As a newcomer to the revered world of Gilbert and Sullivan, I wasn’t entirely sure whether or not Iolanthe was the place to start, given its comparative obscurity and the enormous number of classics the pair wrote during their incredible careers. This production, however, directed by Peter Swallow and Mary Jayne Harding Scott gave me an extremely warm introduction to the world. It was clear from the beginning of the piece that the main aim was simply to have fun which, despite an uncertain start, it ultimately achieved.
After a playful and enthusiastic overture, the curtain lifted to reveal a cartoonish, idyllic world which, in keeping with the play’s primary themes, blended nature with a more human environment. We are then introduced to the chorus of fairies who, along with their human counterparts, provided some of the most interesting and enjoyable scenes in the piece. That’s not to say that the performances offered by the leads weren’t also enjoyable. Phyllis, played by Lani Strange, was spectacular after, what appeared to be, a somewhat shaky start. Most of this could be chalked down to opening night nerves, however, as much of the cast seemed similar for the first ten minutes or so.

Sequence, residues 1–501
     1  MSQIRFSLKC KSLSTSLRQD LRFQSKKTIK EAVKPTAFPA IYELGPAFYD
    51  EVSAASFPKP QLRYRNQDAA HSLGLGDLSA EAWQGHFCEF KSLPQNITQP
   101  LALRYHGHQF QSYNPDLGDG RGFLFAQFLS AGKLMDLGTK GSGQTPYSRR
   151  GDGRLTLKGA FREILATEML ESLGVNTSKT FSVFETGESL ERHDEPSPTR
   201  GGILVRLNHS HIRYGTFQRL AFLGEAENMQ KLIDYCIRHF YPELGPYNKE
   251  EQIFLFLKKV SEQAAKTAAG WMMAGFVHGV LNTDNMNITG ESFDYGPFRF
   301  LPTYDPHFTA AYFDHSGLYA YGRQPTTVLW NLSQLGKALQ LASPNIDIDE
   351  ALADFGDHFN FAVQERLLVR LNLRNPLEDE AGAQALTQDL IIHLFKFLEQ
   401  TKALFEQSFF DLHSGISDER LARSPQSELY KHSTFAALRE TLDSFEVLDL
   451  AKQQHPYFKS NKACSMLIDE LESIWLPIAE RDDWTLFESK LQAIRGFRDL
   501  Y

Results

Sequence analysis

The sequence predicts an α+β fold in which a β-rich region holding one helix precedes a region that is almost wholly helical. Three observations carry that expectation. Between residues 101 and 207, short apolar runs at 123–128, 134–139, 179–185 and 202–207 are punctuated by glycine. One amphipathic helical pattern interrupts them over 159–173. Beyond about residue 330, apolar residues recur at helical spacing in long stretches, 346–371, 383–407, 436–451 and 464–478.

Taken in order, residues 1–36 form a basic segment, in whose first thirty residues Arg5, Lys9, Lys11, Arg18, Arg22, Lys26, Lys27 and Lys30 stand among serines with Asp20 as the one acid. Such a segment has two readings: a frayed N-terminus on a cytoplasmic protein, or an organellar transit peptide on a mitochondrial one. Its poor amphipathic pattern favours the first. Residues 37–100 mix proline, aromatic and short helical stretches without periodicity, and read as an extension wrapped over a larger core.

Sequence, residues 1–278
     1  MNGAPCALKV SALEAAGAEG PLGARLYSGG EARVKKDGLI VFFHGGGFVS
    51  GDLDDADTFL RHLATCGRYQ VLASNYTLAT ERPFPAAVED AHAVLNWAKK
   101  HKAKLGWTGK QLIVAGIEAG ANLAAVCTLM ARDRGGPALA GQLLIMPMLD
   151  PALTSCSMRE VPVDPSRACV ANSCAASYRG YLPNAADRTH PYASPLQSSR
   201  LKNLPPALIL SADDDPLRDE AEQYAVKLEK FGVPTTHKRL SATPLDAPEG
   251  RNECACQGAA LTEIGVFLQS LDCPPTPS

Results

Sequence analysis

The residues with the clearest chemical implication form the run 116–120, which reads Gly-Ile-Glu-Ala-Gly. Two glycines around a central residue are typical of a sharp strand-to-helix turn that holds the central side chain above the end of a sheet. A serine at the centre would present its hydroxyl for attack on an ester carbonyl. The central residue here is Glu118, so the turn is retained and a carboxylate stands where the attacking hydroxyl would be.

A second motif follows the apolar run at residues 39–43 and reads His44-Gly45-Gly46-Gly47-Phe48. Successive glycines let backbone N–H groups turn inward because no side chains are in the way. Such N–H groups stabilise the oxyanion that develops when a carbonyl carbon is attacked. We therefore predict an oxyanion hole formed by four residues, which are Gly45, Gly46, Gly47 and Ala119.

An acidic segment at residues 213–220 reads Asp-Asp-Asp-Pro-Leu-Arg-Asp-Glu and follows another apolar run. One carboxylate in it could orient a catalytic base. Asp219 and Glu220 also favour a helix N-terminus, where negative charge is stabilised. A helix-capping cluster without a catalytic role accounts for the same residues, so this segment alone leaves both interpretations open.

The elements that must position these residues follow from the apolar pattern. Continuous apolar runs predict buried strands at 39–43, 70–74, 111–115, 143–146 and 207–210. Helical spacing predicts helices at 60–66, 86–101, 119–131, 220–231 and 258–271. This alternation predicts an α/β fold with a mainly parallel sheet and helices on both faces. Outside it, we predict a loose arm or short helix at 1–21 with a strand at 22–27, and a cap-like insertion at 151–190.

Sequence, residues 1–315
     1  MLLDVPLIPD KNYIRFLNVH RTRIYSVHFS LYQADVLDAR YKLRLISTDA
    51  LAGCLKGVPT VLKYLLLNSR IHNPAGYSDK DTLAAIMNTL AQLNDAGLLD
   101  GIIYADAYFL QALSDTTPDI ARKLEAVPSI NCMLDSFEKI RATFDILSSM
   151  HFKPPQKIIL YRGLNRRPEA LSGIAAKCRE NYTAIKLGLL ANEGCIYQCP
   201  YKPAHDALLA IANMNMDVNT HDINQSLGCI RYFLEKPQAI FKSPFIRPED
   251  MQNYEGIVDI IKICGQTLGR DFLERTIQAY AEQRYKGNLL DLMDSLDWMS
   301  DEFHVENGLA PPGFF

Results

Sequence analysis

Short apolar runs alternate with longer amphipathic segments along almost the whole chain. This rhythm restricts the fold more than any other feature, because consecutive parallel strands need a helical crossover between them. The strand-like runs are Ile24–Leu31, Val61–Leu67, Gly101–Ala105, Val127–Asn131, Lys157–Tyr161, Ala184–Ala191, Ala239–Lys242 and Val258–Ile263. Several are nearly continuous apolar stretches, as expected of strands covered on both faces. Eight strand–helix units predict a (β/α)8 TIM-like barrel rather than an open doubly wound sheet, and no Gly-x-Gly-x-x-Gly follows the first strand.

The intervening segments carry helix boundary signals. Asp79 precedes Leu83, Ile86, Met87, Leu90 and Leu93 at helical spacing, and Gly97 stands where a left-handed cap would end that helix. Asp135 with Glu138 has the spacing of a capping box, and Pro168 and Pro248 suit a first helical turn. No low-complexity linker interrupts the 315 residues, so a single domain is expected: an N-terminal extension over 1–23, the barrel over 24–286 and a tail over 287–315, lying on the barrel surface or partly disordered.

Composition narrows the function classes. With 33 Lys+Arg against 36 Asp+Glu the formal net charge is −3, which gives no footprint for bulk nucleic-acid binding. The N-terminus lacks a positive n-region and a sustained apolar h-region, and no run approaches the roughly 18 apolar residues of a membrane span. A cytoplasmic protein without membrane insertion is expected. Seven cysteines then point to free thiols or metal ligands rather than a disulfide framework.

Once the peers enter the scene, it definitely takes a more comedic turn, with attention in their initial scenes being stolen by Earl Tolloller, played by the wonderful Natalie Reeve. As is often the case when a piece has a live orchestra, the entire cast could have, often, done with a little more focus on annunciation and volume when singing since, at times, it was a little difficult to understand exactly what was going on in each scene. The only character who was unerringly understandable with an equally unerring voice was the Fairy Queen, played by Elizabeth O’Donnell, who gave more energy to every scene she entered.
After the intermission, everyone appeared to come back with a little more enthusiasm and the second half was decidedly more sure of itself. Ultimately, the original piece doesn’t really lend itself to anything other than a somewhat two-dimensional romp in a sort of ‘tea and crumpets’ Britain. In spite of the fact that this world is considered more and more unsavoury, this production of Iolanthe avoids being overly reminiscent of this (even given the original script they had to work with) and even rounds out the more, traditionally, limited character of the heroine. All in all, they have tactfully created a piece where you can see the performers enjoying themselves and cannot help but enjoy yourself too.